Hate

Hate is a strong word, and used so differently by so many people. My 5 year old daughter hates it when I won’t let her have desert because she didn’t eat all her dinner. My two year old hates it when I give her a time out because she threw a toy. My two month old hates everything except sleeping on mommy’s chest. With maturity, we start reserving “hate” for more serious infractions than just not being able to have desert. I used to commute to work an hour each way – I know, I know, many people commute much further than that – but I would say that I hated that drive. We moved to the town I work in now and the drive is 15 minutes. I love that drive. People hate the person your husband or wife had an affair with, maybe even the spouse him/herself. People hate the tailgater, broccoli, the stop sign roller through, the mean teacher at your kid’s school, the bully at school, your in-laws, and the list goes on and on and on.

I think hate is a deeply profound word, a word reserved for the absolute worst offenses. I talked about the scenario of an affair above, something I have personal experience with. I don’t hate either of them. I wish them luck. Really. It took me time to get there, but I don’t hate them. Hate is defined in the dictionary as “an intense or passionate dislike”. I like the passionate part of that. It implies there is some motivation for continued hatred. OK, stop for a minute and think about something you hate. Got it? Ok, what was it? Will it kill you? Will you spend money on it? Will it rob your children of a mother because it slowly killed her? Will it rob your daughter of her father walking her down the aisle because he died early from it? Is it something that only you use, and only hurts you, so what’s the harm? But did you forget the devastation it will leave on your family and friends as they cry at your funeral? Only hurts you? Hmmm.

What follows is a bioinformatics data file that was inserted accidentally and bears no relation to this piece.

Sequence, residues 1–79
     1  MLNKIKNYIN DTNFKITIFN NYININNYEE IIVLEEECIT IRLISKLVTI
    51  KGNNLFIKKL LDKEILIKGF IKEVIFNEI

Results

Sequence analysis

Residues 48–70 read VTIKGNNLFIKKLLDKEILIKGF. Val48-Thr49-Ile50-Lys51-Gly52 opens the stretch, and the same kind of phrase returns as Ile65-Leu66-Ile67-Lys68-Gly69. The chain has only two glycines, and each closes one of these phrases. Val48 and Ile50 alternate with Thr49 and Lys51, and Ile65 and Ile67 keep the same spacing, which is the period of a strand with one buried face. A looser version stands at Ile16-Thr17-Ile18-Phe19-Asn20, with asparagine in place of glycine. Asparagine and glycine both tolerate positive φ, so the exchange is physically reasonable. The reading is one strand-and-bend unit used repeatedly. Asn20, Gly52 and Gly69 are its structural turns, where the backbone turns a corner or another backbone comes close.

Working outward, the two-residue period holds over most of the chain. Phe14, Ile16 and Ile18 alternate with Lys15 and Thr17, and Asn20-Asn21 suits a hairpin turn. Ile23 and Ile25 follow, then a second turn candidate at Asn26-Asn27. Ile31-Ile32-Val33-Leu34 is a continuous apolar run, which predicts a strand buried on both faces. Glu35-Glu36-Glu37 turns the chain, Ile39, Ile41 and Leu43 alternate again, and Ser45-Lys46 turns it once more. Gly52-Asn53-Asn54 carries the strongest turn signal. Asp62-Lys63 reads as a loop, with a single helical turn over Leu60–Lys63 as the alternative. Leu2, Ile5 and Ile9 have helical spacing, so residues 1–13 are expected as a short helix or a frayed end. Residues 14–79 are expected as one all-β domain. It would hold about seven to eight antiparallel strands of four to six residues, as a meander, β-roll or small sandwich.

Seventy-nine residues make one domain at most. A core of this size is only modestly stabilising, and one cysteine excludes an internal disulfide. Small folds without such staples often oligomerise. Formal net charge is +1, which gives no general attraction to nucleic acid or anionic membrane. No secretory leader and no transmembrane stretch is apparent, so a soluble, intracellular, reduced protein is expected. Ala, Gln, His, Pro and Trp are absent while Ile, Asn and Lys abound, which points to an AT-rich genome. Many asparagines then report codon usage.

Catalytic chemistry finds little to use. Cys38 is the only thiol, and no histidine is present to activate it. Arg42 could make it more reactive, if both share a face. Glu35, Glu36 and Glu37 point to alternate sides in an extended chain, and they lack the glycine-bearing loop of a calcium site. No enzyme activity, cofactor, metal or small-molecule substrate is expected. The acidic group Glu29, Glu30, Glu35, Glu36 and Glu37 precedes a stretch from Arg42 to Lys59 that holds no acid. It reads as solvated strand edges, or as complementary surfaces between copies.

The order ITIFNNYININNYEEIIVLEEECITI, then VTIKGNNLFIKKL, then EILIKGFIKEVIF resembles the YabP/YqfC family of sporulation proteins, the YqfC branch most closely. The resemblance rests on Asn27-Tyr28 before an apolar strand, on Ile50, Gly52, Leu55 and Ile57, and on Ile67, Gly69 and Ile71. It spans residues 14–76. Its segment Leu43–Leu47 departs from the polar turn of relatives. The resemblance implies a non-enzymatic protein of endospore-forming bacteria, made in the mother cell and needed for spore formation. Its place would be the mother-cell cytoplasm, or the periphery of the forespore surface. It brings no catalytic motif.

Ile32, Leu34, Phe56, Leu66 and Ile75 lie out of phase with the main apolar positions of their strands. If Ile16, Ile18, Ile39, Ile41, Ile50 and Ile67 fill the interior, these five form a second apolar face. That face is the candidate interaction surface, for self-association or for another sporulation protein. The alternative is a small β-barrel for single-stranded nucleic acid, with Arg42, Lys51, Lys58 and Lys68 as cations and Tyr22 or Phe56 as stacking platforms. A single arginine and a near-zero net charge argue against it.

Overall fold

You get it, I know. And that’s the last of that because I’m not trying to use “scare tactics” to get someone to quit. That doesn’t work anyway, I know that. What does work though is having deeply honest conversation with yourself and asking yourself some very difficult questions. Questions like, on the scale of things I hate, where does nicotine fall? Doesn’t make the list? WHY IS THAT? Dig deep and answer the why behind that. For me, it’s because I was being lied to. I couldn’t see the truth through my addiction. I was hopelessly sold out and had accepted that. It was fine. Just like you. I know. There’s a lot to the story I’m going to skip, but I quit. Today I have 379 days of quit behind me, and I’ve posted roll 379 days in a row. Today, I hate nicotine with every fiber in my body. I hate it because of the time it stole from my family as I got my fix. I hate it because of the devastation it caused when I came clean with my wife. I hate it because I will never be fixed. I’m an addict. I hate it because it told me I needed it after a meal, driving to work, camping and fishing, mowing the lawn, with my morning coffee, after morning coffee, before bed, on road trips, when the weather changed from hot to cold, then from cold to hot, and on and on and on. I hate it because all that was a lie. In reality, I only needed it to stop withdrawl symptoms that began every two hours or so, like clockwork. I’ll say it again: I used nicotine not because I liked it, but because I disliked withdrawl. The very withdrawl that was CAUSED by nicotine use.

Today, think about what you hate, and more importantly WHY you hate it. Where does nicotine fall on the list? Why do things that are far less serious than smoking something that will kill you end up higher on the list than cigarettes? For me, nicotine is top of the list. I hate it so much, I just spent time typing this message specifically for YOU. I hate being owned by a weed. I hate that I will always be an addict. I love the freedom of being nicotine free. In fact let me be a little more specific: I love eating, driving, camping and fishing, mowing the lawn, my morning coffee, bedtime, road trips, changes in the weather, and on and on, all without nicotine. When I quit, I didn’t believe I could love any of those things without nicotine. It was all a lie. Come on in, the freedom is intoxicating.

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